Ireland’s Eighth Amendment prohibits the termination of pregnancy which includes cases such as: rape, incest or fatal foetal abnormality. Well not anymore, on Saturday 26 May, 3.4 million Irish voters took to the stands to vote for or against the ban. Over 66% voted ‘Yes.’ This means in six months time women living in Ireland can now have the right to decide what they want to do with their pregnancy.
From a religious stand point, this decision might sound outrageous. Who would want to get rid of a cute bundle of joy?” But what if this ‘bundle of joy’ will eventually put the life of the expectant mother at risk?
Savita Halappanavar‘s story is one of such cases. In 2012, the Indian dentist passed away at the age of 31 at the University Hospital Galway in Ireland following a septic miscarriage. This happened after she was denied an abortion. Savita was 17 weeks pregnant when she was admitted to the hospital with back pain. After initially being released, she was readmitted hours later and, after further examination, it was clear a miscarriage was inevitable.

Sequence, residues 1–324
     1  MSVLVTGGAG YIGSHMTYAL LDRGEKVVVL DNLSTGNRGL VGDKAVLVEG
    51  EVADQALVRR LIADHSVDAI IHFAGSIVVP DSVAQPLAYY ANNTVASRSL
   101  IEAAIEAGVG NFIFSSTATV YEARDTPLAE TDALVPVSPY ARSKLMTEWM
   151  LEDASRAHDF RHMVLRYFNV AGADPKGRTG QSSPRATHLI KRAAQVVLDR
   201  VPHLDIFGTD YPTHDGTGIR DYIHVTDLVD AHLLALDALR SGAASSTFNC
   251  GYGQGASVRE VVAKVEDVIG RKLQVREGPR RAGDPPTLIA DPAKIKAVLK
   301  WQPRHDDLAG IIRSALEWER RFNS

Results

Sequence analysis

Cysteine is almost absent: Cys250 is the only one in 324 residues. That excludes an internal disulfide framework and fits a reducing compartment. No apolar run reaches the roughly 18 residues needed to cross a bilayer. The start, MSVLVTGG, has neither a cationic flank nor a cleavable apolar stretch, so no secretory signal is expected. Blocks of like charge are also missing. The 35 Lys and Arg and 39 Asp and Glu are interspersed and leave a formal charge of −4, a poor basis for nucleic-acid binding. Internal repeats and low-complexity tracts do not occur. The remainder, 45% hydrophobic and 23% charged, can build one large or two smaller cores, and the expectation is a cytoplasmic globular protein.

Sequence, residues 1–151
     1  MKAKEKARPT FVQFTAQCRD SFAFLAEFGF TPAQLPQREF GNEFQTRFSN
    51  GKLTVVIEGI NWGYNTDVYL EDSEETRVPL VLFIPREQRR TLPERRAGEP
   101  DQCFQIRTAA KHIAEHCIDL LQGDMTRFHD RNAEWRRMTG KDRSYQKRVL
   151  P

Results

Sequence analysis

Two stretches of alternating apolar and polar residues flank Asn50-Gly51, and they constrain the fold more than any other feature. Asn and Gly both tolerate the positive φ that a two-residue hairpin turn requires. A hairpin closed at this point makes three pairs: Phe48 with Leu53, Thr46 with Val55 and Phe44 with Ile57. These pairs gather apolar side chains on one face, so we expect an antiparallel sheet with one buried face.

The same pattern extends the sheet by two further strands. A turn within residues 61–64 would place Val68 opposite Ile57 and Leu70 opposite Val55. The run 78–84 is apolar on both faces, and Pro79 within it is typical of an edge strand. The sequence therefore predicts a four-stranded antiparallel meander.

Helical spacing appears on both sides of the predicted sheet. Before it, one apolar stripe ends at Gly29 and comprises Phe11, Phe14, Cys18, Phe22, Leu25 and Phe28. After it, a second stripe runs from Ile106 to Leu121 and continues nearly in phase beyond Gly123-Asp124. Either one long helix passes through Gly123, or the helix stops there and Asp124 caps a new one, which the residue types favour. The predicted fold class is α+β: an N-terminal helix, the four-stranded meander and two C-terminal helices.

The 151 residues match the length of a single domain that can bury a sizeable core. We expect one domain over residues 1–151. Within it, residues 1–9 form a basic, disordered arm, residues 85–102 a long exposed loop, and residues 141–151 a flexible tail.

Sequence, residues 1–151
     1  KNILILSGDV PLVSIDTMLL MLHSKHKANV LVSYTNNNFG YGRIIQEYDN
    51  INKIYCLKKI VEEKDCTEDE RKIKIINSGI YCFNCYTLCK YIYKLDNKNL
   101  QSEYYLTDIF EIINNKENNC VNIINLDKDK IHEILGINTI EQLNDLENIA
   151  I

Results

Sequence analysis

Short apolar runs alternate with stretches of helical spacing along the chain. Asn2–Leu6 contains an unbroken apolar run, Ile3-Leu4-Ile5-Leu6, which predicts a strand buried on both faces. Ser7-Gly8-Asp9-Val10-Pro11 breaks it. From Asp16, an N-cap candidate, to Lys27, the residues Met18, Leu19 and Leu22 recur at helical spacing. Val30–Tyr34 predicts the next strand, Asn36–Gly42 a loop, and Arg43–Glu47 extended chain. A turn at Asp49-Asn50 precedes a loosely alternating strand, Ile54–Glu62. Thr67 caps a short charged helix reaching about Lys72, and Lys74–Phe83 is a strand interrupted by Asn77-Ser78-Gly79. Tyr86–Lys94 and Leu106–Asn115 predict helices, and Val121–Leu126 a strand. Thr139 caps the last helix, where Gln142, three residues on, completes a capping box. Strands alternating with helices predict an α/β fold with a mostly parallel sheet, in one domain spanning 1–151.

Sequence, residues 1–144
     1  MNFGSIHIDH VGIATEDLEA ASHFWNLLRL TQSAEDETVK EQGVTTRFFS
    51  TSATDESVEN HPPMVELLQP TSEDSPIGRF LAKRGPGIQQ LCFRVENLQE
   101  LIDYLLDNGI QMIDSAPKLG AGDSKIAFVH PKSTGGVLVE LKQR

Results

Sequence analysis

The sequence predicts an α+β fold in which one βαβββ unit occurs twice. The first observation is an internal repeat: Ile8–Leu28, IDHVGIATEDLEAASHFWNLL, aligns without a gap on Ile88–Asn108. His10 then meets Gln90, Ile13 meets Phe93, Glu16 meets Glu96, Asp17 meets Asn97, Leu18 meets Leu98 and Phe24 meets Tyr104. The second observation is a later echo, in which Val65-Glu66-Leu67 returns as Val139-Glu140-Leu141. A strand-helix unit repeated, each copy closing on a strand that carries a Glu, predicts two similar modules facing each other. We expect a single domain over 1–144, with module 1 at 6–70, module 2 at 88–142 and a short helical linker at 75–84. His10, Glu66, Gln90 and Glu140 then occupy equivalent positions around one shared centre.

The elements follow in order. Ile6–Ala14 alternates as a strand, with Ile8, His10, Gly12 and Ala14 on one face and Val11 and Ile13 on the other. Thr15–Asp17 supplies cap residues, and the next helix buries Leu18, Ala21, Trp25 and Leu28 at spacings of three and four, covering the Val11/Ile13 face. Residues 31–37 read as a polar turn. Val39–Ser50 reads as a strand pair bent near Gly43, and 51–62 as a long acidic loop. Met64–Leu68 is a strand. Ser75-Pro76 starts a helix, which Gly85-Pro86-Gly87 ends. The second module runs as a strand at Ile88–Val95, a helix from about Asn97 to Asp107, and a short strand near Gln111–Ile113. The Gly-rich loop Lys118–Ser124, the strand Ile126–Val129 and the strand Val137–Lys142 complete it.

Savita, fearing that her life was in danger requested for her pregnancy to be terminated but she was denied. Within days, the dentist died from an infection, having suffered a miscarriage four days earlier.
Fast forward to 2018 and women in Ireland chant Savita’s name as the country uplifts the ban on abortion.
— Richard Chambers🎙 (@newschambers) May 26, 2018
Savita’s father has requested that the new law should be named after his deceased daughter. He said:
“We are really, really happy. We have one last request, that the new law, that it is called ‘Savita’s law’. It should be named for her.”